LONDON (Reuters) - Prime Minister Boris Johnson’s suspension of the British parliament was unlawful, a court ruled on Wednesday, prompting immediate calls for lawmakers to return to work as the government and parliament battle over the future of Brexit.
Scotland’s highest court of appeal ruled against Johnson’s decision to prorogue, or suspend, parliament from Monday until Oct. 14 — a blow for the government as it seeks to leave the European Union on Oct. 31 with or without a deal.
With seven weeks to go, the government and parliament are locked in conflict over the future of Brexit, with possible outcomes ranging from leaving without a deal to another referendum that could cancel the divorce.
“We are calling for parliament to be recalled immediately,” said Scottish National Party lawmaker Joanna Cherry, who led the legal challenge, after Scotland’s Court of Session ruled the prorogation should be annulled.
“You cannot break the law with impunity, Boris Johnson.”
The government will appeal against the ruling to the Supreme Court, the United Kingdom’s highest judicial body, and an official said Johnson believed parliament remained suspended pending a decision by that court.
In a Facebook broadcast Johnson read out a submitted question from a voter, which said he was running an authoritarian government and asked “Why is home-grown authoritarianism better than EU rule?”
In answer, he said: “I must respectfully disagree with you in your characterization of this government. What we are trying to do is implement the result of the 2016 referendum.”
Still, a group of opposition lawmakers gathered outside the 800-year-old Palace of Westminster demanding its recall.
Johnson announced on Aug. 28 that parliament would be prorogued, saying the government wanted the suspension so it could then launch a new legislative agenda.
Opponents said the real reason was to shut down debate and challenges to his Brexit plans. The court was shown documents that showed Johnson was considering prorogation weeks before he formally asked Queen Elizabeth to suspend the legislature.
Buckingham Palace declined to comment on the ruling, saying it was a matter for the government.
Dominic Grieve, one of 21 Brexit rebels thrown out of Johnson’s Conservative Party last week, said that if Johnson had misled the queen, he should resign.
Johnson, who was a figurehead for the Vote Leave campaign in the 2016 referendum, when 52 percent of voters backed Brexit, has rejected opposition complaints that he was undemocratically denying parliament the right to debate Brexit.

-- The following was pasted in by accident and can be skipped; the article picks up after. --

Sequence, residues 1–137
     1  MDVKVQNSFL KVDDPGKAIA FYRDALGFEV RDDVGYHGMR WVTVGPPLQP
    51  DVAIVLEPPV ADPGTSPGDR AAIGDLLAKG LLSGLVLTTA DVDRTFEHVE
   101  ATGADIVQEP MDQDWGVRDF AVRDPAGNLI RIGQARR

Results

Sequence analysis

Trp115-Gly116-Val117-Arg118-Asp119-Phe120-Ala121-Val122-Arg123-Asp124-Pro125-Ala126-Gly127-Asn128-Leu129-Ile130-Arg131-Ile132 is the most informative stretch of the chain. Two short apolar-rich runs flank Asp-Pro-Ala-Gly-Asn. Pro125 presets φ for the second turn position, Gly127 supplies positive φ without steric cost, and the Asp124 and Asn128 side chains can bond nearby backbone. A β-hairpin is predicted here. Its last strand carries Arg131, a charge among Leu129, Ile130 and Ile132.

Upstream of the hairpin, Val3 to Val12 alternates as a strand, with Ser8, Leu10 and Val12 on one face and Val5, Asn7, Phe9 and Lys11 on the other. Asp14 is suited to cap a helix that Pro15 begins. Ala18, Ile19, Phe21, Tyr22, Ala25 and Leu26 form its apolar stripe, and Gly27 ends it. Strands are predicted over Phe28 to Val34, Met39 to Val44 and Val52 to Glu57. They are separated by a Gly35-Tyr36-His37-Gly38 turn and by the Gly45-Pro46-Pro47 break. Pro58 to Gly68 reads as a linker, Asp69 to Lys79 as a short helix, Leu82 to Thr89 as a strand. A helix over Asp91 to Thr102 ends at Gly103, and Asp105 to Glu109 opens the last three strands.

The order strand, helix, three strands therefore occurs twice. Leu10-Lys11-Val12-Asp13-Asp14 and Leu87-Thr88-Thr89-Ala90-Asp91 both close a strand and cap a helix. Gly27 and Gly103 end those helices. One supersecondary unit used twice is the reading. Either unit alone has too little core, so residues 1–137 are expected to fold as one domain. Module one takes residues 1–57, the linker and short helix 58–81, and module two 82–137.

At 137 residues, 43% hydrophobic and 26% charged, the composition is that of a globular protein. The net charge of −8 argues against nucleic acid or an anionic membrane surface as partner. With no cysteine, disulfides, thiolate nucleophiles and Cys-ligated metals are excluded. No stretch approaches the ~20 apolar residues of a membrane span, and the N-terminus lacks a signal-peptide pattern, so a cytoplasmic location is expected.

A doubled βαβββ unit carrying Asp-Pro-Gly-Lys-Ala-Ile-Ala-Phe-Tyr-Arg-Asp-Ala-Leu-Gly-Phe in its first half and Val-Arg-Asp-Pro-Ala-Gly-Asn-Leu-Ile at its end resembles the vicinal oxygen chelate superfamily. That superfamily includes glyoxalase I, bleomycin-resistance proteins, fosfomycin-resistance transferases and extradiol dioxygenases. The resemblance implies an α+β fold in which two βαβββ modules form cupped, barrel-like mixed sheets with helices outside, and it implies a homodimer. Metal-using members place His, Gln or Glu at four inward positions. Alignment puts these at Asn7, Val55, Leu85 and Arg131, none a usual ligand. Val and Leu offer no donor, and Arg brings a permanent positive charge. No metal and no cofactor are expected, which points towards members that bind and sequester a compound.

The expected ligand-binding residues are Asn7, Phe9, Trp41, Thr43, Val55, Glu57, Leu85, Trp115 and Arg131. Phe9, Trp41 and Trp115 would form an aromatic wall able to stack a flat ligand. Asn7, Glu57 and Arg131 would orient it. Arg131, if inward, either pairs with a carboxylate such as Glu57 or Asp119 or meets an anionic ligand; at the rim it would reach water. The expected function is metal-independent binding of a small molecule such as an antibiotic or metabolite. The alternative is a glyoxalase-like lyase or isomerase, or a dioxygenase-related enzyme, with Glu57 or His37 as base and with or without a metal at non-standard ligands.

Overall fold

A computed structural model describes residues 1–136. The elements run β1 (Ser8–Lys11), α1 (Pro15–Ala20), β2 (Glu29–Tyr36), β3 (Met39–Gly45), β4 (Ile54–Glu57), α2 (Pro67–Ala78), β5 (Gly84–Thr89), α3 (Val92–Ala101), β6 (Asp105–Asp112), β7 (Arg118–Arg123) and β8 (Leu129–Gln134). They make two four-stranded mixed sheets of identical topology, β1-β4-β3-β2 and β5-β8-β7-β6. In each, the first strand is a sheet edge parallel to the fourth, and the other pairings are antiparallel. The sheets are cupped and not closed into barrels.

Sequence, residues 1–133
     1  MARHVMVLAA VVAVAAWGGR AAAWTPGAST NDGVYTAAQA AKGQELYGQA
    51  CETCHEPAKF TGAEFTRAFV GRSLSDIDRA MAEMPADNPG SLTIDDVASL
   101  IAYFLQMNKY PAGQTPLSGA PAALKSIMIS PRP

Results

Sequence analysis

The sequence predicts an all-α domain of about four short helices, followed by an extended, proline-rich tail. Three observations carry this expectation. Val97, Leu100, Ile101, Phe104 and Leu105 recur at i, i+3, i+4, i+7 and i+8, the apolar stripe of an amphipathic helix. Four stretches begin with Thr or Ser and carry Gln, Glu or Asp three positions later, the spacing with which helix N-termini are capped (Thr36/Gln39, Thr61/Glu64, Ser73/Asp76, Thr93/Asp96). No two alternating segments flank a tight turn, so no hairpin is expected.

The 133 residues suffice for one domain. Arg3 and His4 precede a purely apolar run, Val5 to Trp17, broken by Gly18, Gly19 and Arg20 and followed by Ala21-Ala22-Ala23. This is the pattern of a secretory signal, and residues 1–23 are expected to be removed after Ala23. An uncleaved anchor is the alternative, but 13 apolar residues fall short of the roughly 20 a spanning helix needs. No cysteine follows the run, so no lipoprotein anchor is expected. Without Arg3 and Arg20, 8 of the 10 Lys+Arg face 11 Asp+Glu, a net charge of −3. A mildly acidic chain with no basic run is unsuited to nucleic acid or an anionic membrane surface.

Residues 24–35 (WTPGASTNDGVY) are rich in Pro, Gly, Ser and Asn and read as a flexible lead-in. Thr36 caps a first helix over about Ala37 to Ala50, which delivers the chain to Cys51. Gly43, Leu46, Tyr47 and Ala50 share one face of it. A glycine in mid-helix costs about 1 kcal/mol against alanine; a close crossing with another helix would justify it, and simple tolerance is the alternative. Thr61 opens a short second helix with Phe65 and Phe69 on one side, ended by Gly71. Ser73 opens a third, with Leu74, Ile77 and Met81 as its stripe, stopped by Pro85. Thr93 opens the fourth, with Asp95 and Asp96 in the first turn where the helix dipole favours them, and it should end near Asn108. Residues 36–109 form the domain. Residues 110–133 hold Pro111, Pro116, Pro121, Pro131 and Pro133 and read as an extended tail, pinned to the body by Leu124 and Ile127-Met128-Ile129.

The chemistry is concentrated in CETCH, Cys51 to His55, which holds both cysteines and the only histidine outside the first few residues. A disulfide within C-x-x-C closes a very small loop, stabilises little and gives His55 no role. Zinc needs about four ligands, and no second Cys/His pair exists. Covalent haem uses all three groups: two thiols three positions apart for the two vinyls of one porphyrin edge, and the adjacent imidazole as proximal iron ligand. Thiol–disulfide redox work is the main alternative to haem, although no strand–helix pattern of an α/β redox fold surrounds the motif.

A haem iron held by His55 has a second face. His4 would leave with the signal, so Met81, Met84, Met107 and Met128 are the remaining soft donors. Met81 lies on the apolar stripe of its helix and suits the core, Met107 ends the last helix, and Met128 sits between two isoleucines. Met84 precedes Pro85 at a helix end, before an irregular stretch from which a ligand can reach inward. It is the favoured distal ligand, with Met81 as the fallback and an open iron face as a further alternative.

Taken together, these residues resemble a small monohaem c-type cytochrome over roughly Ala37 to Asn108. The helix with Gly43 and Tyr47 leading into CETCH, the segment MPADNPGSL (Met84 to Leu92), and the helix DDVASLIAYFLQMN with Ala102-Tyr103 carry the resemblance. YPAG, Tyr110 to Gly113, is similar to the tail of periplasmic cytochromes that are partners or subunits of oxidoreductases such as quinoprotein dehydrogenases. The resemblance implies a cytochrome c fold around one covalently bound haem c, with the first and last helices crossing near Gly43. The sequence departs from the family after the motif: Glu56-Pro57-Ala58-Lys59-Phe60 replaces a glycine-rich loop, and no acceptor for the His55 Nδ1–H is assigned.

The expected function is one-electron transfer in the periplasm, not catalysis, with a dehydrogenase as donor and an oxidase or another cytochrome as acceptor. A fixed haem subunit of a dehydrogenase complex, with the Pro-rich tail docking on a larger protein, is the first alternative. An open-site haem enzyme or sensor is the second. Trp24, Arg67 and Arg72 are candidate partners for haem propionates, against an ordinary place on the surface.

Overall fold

Johnson’s bid to quit the bloc “do or die” on Oct. 31 has hit the buffers: parliament has ordered him to delay Brexit until 2020 unless he strikes a deal, while a new Brexit Party is threatening to poach Conservative voters.
After three years of Brexit crisis, British politics is in turmoil, with the prime minister blocked by parliament and an election or even a second referendum on the cards.
In an excoriating judgment, the Scottish judges — who are part of the United Kingdom’s legal system — ruled that the principal reason for parliament’s suspension was to stymie lawmakers and allow Johnson to pursue a no-deal Brexit policy.
“This was an egregious case of a clear failure to comply with generally accepted standards of behavior of public authorities,” concluded one judge, Philip Brodie, according to a summary of the court verdict.
Judge James Drummond Young had determined that “the only inference that could be drawn was that the UK government and the Prime Minister wished to restrict Parliament”, it added.
Last week, the High Court of England and Wales rejected a similar challenge by campaigners, saying it was a political not a judicial matter.
The 2016 Brexit referendum showed a United Kingdom divided about much more than the EU, and has given rise to soul-searching about everything from secession and immigration to capitalism, empire and modern Britishness.
It has also triggered civil war inside both of Britain’s main political parties as dozens of lawmakers put what they see as the United Kingdom’s fate above that of party loyalty.
The divisions in the opposition Labour Party over Brexit were on display on Wednesday, when its deputy leader, Tom Watson, said he supported pressing for a second referendum before an early national election.
His argument, which puts him at odds with party leader Jeremy Corbyn, is that an election might fail to resolve the deadlock over Brexit. Corbyn says Labour would offer the people a second referendum on a credible option to leave against remaining in the EU after an election.
“It’s Tom’s view - I don’t accept it and I don’t agree with it,” Corbyn said. “Our priority is to get a general election.”
Nigel Farage, leader of the Brexit Party which could take votes away from both main parties, offered Johnson an election pact on Wednesday but said that unless there was a clean break with the EU, the Conservatives would take a “real kicking” in any election and could not win a majority.
“If we go beyond the 31st of October and we are still a member of the European Union - which looks increasingly likely - then a lot of votes will shift from the Conservative Party to the Brexit Party,” Farage told reporters.
Johnson ruled out a pact with Farage.
Additional reporting by Kate Holton, Elizabeth Piper, William James and Kylie MacLellan; Editing by Angus MacSwan, Catherine Evans and Giles Elgood